When we gathered in the parlor, in the parlor stiff
and grand, Where the haircloth chairs and sofas stood
arrayed, a gloomy band,
Where each queer oil portrait watched us with a countenance of wood,
And the shells upon the what-not in a dustless splendor stood.
Then the quaint old parlor organ with the quaver in
Seemed to tremble in its fervor as the sacred songs were sung,
As we sang the homely anthems, sang the glad revival hymns
Of the glory of the story and the light no sorrow dims.
While the dusk grew ever deeper and the evening settled down, And the lamp-lit windows twinkled in the drowsy little town, Old and young we sang the chorus and the echoes told it o’er In the dear familiar voices, hushed or scattered evermore.
From the window of the chapel faint and low the music dies, And the picture in the firelight fades before my tear-dimmed eyes, But my wistful fancy, listening, hears the night-wind hum the tunes That we sang there in the parlor on those Sunday afternoons.
* * * * *
THE OLD DAGUERREOTYPES
Up in the attic I found them, locked in the cedar
Where the flowered gowns lie folded, which once were brave as the best;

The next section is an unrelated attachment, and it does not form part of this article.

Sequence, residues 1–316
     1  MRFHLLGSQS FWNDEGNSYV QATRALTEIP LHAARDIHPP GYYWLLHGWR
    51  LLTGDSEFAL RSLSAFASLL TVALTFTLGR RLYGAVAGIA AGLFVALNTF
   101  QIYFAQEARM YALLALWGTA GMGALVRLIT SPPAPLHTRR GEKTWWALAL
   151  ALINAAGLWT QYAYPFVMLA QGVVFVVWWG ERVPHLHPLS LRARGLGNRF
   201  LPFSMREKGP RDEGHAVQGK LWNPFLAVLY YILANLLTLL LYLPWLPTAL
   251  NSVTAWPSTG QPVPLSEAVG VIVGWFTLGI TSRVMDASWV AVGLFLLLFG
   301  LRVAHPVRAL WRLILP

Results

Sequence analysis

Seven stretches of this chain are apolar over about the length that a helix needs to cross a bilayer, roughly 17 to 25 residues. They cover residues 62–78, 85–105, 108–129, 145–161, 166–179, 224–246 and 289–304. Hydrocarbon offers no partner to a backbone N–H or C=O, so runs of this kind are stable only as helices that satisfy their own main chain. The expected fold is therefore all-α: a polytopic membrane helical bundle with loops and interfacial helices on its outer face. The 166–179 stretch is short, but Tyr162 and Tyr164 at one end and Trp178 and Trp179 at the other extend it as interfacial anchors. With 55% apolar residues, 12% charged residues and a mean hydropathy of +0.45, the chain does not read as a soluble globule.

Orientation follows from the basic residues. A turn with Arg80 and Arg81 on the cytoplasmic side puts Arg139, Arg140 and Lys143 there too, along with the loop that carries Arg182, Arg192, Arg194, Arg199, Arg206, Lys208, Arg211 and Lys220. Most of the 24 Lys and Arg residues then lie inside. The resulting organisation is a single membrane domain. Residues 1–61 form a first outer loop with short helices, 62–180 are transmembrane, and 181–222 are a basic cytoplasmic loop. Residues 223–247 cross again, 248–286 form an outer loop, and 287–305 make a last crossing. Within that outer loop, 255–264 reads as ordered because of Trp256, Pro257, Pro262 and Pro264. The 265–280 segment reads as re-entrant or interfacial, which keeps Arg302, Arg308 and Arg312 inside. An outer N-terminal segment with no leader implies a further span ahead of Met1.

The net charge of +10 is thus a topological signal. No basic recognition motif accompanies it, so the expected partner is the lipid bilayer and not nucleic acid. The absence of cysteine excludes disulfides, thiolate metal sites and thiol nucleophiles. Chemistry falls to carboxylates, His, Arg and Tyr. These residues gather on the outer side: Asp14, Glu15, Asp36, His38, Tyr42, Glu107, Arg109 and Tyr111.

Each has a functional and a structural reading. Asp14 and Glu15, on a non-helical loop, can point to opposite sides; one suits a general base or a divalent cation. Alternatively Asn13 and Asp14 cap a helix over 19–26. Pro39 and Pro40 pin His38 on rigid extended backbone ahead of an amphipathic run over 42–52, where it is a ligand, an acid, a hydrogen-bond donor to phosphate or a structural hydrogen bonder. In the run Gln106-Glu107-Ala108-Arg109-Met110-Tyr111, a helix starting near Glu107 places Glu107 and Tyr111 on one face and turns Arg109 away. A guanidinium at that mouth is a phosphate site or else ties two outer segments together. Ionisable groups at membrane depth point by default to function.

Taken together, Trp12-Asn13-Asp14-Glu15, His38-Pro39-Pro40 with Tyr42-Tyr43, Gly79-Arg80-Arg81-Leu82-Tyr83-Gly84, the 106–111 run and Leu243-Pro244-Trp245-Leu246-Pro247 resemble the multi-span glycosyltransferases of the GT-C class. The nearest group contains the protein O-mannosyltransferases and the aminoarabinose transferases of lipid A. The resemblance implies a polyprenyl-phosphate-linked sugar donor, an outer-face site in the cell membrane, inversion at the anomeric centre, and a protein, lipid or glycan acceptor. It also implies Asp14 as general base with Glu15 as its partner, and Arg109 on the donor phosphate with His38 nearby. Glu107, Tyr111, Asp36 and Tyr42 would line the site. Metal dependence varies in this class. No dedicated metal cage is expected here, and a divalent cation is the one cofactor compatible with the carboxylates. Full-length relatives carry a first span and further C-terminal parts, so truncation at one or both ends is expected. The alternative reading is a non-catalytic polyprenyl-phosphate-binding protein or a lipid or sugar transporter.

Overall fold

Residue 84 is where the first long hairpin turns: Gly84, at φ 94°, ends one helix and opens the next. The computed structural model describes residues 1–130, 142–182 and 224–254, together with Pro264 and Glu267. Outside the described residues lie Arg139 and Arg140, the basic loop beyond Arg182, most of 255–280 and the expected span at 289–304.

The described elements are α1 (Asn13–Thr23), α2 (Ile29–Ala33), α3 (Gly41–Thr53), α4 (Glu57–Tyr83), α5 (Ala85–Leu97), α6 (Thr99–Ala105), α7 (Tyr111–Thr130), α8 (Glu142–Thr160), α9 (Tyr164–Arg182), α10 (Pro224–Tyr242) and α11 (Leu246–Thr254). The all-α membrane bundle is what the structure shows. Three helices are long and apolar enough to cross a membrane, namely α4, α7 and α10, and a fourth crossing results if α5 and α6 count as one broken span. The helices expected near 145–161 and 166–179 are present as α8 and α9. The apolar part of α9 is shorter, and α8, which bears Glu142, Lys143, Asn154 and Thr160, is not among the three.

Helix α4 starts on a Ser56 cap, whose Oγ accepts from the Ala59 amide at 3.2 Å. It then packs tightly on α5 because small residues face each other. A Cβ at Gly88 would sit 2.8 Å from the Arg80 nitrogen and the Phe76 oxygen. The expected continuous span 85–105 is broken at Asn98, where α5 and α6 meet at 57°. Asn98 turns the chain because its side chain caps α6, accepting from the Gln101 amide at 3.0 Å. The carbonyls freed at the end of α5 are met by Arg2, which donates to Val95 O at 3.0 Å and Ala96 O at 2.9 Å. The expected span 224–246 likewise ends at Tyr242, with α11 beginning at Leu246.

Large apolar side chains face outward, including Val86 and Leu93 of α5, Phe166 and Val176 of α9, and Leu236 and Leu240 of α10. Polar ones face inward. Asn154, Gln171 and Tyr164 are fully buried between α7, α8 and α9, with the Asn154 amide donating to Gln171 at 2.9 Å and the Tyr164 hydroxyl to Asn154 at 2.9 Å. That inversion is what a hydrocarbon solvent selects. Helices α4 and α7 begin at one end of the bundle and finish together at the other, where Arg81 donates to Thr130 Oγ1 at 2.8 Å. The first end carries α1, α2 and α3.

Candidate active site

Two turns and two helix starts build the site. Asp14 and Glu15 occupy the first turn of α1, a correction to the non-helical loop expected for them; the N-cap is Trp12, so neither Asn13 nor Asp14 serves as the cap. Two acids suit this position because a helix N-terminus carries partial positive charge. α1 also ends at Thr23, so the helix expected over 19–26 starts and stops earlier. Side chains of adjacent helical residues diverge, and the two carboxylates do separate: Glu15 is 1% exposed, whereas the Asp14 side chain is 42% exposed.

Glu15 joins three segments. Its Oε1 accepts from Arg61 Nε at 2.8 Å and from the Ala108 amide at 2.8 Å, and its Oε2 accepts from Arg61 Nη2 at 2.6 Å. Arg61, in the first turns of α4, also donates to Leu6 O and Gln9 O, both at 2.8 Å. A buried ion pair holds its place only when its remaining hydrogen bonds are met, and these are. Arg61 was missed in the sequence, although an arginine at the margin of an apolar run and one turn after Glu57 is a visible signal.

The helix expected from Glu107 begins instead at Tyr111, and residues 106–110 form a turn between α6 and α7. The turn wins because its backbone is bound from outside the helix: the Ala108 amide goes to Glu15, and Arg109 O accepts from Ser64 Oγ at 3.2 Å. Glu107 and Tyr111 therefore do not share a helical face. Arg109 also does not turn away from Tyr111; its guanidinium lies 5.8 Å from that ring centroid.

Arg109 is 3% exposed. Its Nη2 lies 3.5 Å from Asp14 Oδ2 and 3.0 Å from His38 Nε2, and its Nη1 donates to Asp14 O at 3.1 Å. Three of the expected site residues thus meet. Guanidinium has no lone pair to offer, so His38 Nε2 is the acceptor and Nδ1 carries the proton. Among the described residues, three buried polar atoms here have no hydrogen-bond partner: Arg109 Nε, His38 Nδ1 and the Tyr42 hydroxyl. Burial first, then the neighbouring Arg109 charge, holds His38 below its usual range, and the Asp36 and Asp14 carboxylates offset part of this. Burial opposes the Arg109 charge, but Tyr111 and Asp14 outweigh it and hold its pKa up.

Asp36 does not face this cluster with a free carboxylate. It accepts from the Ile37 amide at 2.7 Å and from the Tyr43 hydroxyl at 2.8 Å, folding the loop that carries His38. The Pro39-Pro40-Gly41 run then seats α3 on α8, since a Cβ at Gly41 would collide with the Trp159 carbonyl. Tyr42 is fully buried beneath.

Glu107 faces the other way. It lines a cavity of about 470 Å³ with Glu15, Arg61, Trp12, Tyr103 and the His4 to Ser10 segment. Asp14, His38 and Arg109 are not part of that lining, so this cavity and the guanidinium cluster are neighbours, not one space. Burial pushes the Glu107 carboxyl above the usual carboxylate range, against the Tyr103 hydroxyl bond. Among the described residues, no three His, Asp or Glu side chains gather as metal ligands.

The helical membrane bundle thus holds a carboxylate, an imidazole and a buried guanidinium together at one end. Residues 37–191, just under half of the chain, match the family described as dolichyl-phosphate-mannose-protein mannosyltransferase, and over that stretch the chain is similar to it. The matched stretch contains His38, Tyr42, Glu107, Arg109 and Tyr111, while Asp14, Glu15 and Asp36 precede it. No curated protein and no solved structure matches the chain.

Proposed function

And like the queer old jackets and the waistcoats gay with stripes,
They tell of a worn-out fashion—these old daguerreotypes.
Quaint little folding cases fastened with tiny hook,
Seemingly made to tempt one to lift up the latch and look;
Linings of purple velvet, odd little frames of gold,
Circling the faded faces brought from the days of old.
Grandpa and grandma, taken ever so long ago,
Grandma’s bonnet a marvel, grandpa’s collar a show,
Mother, a tiny toddler, with rings on her baby hands
Painted—lest none should notice—in glittering, gilded bands.
Aunts and uncles and cousins, a starchy and stiff
Lovers and brides, then blooming,—now so wrinkled and gray:
Out through the misty glasses they gaze at me, sitting here
Opening the quaint old cases with a smile that is half a tear.
I will smile no more, little pictures, for heartless
it was, in truth,
To drag to the cruel daylight these ghosts of a vanished youth;
Go back to your cedar chamber, your gowns and your lavender,
And dream, ’mid their bygone graces, of the wonderful days that were.
* * * * *
THE BEST SPARE ROOM
I remember, when a youngster, all the happy hours
When to visit Uncle Hiram in the country oft I went;
And the pleasant recollection still in memory has a charm
Of my boyish romps and rambles round the dear old-fashioned farm.
But at night all joyous fancies from my youthful bosom crept,
For I knew they’d surely put me where the “comp’ny” always slept,
And my spirit sank within me, as upon it fell the gloom
And the vast and lonely grandeur of the best spare room.